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This article is the author’s final published version in Academic Medicine, Volume 97, Issue 8, August 2022, Pages 1137 - 1143.

The published version is available at Copyright © Lippincott Williams and Wilkins.


In the time of the COVID-19 pandemic, where clinical environments are plagued by both uncertainty and complexity, the importance of the informal and social aspects of learning among health care teams cannot be exaggerated. While there have been attempts to better understand the nuances of informal learning in the clinical environment through descriptions of the tacit or hidden curriculum, incidental learning in medical education has only been partially captured in the research. Understood through concepts borrowed from the Cynefin conceptual framework for sensemaking, the early stages of the pandemic immersed clinical teams in complex and chaotic situations where there was no immediately apparent relationship between cause and effect. Health care teams had to act quickly amidst the chaos: they had to first act, make sense of, and respond with intentionality. Informal and incidental learning (IIL) emerged as a byproduct of acting with the tools and knowledge available in the moment. To integrate the informal, sometimes haphazard nature of emergence among health care teams, educators require an understanding of IIL. This understanding can help medical educators prepare health professions learners for the cognitive dissonance that accompanies uncertainty in clinical practice. The authors introduce IIL as an explanatory framework to describe how teams navigate complexity in the clinical learning environment and to better inform curricular development for health professions training that prepares learners for uncertainty. While further research in IIL is needed to illuminate tacit knowledge that makes learning explicit for all audiences in the health professions, there are opportunities to cultivate learners' skills in formal curricula through various learning interventions to prime them for IIL when they enter complex clinical learning environments.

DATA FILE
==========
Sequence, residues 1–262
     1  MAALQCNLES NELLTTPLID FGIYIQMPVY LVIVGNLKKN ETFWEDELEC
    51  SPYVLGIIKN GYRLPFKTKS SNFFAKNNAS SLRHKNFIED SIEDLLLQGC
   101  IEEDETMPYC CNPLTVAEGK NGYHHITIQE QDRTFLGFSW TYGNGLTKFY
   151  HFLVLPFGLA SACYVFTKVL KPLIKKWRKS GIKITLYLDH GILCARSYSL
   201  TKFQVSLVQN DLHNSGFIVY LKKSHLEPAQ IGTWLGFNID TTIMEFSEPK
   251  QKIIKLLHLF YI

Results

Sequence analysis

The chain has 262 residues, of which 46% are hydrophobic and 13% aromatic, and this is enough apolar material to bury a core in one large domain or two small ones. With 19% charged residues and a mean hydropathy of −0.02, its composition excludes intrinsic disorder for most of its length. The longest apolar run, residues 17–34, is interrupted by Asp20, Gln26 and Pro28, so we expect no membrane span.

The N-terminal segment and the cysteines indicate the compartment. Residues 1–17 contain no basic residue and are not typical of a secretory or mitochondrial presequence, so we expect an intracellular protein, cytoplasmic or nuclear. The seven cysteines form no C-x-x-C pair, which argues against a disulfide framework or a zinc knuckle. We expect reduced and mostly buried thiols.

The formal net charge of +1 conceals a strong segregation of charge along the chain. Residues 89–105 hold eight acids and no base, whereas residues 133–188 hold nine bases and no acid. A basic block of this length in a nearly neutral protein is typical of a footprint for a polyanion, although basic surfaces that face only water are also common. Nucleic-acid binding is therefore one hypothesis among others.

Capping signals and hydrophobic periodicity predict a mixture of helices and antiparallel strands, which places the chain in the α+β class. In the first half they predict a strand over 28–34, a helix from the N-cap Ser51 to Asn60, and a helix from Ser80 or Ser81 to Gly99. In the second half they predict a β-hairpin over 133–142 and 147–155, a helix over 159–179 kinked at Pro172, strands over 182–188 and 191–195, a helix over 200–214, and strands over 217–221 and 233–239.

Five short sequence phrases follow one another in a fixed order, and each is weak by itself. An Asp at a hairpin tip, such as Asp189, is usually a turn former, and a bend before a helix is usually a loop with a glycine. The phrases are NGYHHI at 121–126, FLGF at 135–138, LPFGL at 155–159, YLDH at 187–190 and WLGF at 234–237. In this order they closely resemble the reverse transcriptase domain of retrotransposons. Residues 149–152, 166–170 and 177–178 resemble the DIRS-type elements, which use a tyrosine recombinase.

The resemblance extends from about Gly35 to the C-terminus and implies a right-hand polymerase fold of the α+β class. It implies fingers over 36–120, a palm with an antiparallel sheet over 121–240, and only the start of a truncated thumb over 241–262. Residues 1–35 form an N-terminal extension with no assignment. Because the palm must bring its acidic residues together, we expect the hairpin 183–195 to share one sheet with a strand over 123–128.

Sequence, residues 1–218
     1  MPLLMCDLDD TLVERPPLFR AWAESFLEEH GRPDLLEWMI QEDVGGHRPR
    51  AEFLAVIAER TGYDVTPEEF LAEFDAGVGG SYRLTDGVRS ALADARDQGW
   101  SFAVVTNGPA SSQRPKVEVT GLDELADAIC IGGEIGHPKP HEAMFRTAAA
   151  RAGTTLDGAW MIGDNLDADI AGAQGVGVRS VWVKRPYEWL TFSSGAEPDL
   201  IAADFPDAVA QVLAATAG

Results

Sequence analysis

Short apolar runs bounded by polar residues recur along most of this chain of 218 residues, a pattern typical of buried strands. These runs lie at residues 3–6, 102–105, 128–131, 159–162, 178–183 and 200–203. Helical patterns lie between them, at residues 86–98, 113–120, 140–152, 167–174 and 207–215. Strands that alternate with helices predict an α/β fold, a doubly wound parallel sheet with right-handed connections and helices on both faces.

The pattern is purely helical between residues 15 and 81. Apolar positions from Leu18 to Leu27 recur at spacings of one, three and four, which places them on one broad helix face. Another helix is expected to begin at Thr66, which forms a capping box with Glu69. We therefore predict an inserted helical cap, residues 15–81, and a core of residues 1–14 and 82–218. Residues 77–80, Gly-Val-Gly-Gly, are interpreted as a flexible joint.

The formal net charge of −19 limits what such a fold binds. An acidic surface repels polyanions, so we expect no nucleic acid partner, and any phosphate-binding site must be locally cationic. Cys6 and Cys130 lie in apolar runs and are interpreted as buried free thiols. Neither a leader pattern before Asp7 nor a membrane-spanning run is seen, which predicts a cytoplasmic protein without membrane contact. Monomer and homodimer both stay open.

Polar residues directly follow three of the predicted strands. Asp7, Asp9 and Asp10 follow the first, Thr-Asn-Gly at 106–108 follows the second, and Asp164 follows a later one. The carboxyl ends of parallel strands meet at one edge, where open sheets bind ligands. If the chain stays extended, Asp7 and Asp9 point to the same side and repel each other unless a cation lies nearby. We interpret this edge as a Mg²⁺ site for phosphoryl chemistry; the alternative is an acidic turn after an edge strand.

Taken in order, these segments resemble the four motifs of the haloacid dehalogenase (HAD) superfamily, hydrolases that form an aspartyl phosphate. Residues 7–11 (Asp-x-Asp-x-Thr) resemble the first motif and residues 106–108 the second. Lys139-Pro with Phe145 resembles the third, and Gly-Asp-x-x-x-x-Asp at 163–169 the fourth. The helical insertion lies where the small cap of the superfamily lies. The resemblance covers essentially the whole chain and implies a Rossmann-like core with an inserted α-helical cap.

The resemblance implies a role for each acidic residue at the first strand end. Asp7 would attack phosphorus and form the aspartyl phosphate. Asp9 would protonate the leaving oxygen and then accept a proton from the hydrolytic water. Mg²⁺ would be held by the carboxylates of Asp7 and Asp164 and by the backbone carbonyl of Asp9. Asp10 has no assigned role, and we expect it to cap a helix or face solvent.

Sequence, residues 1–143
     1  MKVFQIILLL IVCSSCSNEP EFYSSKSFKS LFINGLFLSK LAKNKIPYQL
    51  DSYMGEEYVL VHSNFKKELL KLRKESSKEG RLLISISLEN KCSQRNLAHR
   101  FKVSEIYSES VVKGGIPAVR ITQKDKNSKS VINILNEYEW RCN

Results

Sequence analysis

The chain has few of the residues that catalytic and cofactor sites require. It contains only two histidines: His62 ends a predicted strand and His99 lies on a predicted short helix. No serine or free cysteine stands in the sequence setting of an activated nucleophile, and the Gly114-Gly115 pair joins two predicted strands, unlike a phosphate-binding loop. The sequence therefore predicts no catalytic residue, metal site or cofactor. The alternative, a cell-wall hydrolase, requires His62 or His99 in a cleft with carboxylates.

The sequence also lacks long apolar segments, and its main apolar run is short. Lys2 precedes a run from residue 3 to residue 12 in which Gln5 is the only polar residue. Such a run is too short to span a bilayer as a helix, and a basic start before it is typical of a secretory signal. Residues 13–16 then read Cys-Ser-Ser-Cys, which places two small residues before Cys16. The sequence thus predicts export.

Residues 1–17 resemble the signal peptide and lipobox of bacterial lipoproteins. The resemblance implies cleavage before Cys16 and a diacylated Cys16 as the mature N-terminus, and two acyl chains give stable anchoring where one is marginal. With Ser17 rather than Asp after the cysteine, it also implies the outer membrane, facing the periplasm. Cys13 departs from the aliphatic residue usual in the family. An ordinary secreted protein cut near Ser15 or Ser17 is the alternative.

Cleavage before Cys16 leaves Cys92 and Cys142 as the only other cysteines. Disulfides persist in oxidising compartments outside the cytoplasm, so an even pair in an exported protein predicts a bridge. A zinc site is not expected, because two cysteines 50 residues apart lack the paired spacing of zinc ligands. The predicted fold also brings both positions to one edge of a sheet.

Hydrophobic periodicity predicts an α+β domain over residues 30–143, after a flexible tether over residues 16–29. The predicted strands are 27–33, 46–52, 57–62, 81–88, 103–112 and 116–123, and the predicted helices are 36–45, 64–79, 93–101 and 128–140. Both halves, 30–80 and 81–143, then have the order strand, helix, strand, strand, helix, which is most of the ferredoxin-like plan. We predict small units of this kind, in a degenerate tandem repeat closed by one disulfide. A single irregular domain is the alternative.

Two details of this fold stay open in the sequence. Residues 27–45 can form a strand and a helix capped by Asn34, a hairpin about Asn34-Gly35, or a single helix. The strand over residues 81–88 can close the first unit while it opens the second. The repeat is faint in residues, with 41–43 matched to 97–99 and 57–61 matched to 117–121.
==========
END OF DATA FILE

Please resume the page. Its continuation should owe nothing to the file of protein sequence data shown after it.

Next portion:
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Creative Commons License
This work is licensed under a Creative Commons Attribution 4.0 License.

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